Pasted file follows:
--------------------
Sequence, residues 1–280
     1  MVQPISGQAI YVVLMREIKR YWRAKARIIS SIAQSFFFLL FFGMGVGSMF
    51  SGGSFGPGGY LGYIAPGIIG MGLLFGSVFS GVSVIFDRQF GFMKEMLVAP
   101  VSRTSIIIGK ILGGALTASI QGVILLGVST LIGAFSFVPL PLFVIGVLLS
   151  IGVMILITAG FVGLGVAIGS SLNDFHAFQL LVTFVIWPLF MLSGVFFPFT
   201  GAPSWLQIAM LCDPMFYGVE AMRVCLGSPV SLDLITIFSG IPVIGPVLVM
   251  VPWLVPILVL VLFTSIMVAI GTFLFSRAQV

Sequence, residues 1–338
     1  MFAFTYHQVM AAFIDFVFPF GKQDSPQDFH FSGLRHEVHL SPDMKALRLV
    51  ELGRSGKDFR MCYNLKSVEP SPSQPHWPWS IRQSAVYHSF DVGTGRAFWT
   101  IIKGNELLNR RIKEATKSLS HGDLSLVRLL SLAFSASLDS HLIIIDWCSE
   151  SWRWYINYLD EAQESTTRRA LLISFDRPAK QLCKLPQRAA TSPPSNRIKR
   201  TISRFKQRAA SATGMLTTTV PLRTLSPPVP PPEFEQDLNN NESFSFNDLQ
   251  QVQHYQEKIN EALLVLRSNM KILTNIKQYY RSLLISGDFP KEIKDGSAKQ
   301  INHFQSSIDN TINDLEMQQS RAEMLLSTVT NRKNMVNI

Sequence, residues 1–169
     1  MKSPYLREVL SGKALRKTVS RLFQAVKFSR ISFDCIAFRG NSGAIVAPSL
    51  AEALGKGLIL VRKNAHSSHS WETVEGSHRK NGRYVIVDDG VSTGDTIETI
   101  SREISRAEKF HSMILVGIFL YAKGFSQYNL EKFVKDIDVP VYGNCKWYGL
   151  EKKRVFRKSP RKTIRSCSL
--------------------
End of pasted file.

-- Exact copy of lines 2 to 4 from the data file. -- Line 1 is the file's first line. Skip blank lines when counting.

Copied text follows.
     1  MVQPISGQAI YVVLMREIKR YWRAKARIIS SIAQSFFFLL FFGMGVGSMF
    51  SGGSFGPGGY LGYIAPGIIG MGLLFGSVFS GVSVIFDRQF GFMKEMLVAP
   101  VSRTSIIIGK ILGGALTASI QGVILLGVST LIGAFSFVPL PLFVIGVLLS